"In 1971, after his father's death, Arthur investigated the contents of a wooden box, one of two treasures Heinrich had brought with him from the Soviet Union (the other was a family clock). He found that it contained the cryptic notebooks his father had kept for decades, as well as letters and other documents. The contents of the box, supplemented by Kroeger's meticulous research, became the basis of Hard Passage. The result is a clearly written, dispassionate rendering of a heartbreaking story. Yes, the family survived, and even went on to prosper, eventually. But from their arrival in 1926, until the 1940s, their survival was tenuous, indeed. " Faith Johnston, Winnipeg Free Press, July 22, 2007
"The book ably tells the story of one family, but it also serves as a vehicle by which to document the challenging events that shaped the lives of those who, during the early part of the last century, chose to settle in Canada's West. " John W. Friesen, University of Toronto Quarterly, Vol. 78, No. 1, Winter 2009
"Hard Passage: A Mennonite Family's Long Journey from Russia to Canada is the marvellous fruit of Kroeger's voyage of discovery. On the one hand it represents a recovery of his parents' story and an effort to place their lives in the context of broader historical forces: from the Russian revolution to the dawn of the Canadian welfare state. But in its quietly ambitious way, Kroeger's compelling book part memoir, part social history accomplishes much more. Deftly shuttling between the personal and the public realm, Kroeger dispenses with the simplistic notion that families are mere passive actors altered by forces beyond their control. Instead, he shows how 'ordinary lives,' in their collectivity, both shape and are shaped by the political and public policy structures in which they are embedded. " Christopher Wiebe, Literary Review of Canada, Vol. 15, No. 8, October 2007
"Moving seamlessly from the early fur trade era to the initial mountaineering period, and then from the era of mass tourism to a reflection on the relationship between history and contemporary management issues, Culturing Wilderness provides a fascinating and extremely valuable account of the human history that is so often ignored in writing about the national parks. Some potential readers may wonder, however, wheather an entire volume on a single nationlal park will sustain their interest. they need not worry, for under MacLaren's careful guidence Culturing Wilderness argues powerfully that the close study of individual national parks is captivating precisely because human beings have invested so much cultural baggage in these seminatural places. . .. Moreover, unlike many academic books, Culturing Wilderness is visually stunning, a lavishly illustrated volume with historical photographs, maps and graphic material that presents the reader with valuable record of changing human perceptions of landscape in the Jasper region. The images are not simply pleasing to the eye, however. The authors use historical paintings juxtaposed with contemporary photographs, tourism pamphlets, detailed boundary maps, and stunning examples of repeat photography to illustrate the means by which landscape become aesthetic, administrative, or commercial objects. This creative interplay between text and image makes Culturing wilderness one of the most innocative and significant contributions to the growing historical literature on national parks in Canada. " The American Review of Canadian Studies, Autumn 2008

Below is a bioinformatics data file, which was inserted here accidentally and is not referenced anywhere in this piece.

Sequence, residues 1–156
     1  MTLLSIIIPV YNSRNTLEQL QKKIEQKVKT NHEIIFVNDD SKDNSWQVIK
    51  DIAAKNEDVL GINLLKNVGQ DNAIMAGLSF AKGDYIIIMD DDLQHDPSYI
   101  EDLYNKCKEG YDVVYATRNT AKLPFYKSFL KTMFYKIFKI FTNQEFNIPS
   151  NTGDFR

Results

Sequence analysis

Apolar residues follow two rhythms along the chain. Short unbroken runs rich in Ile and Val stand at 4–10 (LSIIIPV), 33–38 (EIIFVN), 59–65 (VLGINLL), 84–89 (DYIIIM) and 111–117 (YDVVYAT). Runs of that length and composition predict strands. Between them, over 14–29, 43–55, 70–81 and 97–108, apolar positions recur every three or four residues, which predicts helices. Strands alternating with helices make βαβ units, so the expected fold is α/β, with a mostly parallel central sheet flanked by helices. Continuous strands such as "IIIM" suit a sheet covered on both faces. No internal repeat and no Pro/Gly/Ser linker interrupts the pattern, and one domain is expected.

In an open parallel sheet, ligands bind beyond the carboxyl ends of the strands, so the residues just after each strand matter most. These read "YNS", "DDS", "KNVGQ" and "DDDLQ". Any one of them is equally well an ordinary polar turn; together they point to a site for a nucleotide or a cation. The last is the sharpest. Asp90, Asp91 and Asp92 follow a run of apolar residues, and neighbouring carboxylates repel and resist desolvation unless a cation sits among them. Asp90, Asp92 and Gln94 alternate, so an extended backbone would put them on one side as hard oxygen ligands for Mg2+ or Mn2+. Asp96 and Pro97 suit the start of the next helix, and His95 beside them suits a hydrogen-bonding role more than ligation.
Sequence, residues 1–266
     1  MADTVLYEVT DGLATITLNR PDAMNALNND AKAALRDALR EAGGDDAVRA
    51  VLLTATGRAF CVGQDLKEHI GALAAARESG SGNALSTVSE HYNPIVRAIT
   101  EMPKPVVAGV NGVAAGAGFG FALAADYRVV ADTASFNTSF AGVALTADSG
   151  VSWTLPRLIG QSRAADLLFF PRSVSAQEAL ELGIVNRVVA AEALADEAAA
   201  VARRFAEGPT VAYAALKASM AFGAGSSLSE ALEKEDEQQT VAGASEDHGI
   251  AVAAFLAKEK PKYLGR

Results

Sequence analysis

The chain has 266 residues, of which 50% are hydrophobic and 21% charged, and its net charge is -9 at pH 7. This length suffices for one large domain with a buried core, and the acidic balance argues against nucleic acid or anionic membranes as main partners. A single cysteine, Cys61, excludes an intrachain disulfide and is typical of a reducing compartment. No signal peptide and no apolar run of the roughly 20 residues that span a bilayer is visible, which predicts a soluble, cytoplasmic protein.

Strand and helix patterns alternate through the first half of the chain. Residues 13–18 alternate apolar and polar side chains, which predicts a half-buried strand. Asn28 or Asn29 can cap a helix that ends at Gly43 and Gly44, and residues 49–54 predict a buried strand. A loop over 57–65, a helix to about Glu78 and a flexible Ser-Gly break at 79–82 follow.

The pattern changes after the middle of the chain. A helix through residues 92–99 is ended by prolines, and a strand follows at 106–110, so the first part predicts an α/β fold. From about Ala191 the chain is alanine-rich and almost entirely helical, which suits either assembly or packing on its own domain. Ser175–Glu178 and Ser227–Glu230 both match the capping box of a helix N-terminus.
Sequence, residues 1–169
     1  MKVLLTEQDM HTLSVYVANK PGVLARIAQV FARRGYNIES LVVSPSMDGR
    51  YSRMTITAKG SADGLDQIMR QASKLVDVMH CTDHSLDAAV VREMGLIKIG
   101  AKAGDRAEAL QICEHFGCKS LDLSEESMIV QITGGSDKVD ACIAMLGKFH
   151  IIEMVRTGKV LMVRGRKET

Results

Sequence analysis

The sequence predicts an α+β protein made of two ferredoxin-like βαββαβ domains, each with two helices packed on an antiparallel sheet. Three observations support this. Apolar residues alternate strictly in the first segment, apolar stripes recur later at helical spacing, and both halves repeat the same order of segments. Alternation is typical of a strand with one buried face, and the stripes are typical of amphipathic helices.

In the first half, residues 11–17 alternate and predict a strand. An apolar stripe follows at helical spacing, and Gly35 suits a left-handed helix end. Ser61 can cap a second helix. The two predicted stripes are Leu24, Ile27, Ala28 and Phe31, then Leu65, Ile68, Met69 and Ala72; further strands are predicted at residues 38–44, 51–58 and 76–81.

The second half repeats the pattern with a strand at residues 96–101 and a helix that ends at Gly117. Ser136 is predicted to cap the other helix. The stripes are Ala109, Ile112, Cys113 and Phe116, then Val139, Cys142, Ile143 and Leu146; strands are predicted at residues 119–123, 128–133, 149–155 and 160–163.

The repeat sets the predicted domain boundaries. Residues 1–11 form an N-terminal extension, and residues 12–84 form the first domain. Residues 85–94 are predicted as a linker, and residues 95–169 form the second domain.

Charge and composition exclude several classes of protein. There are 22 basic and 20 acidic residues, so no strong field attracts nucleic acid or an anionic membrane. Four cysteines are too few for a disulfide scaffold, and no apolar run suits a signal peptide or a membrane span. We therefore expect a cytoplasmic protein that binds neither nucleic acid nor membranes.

"This book may seem like a family history but it is much more than that. True, it was written by a man who went through many of the difficult times mentioned in the book and can speak from first hand experience. But Arthur Kroeger also is an academic who served for ten years as Chancellor of Carleton University in Ottawa. The result is a family history set in the larger framework of Mennonite history in Europe and Canada. ...This book is well written, authoritative, yet very personal because of the diaries of Heinrich Kroeger and the author's own recollections. This is a rare treat in the field of family histories. " Alberta History, Spring 2007.
"After a distinguished career as one of Canada's top public servants, Arthur Kroeger turned his formidable intelligence and curiosity on his own family's history-a history to which he had hitherto paid little attention. And what an extraordinary and moving tale he found! He takes us, over the course of three generations, from a bustling Mennonite village in Russian Ukraine in the late nineteenth century to the windswept landscape of Alberta in the mid-twentieth century. He also takes us deep into family traumas-the terrors of the anarchist uprisings in the Ukraine, the hunger of the Depression years on the Prairies. Kroeger's account of his family's struggles illuminates the Canadian immigrant experience with the kind of poignant details often lost in more general histories. His commitment to recording the strength and stamina of the Mennonite community is impressive, but it is the meticulous research and affectionate tone of this memoir that brings Hard Passage alive. " Charlotte Gray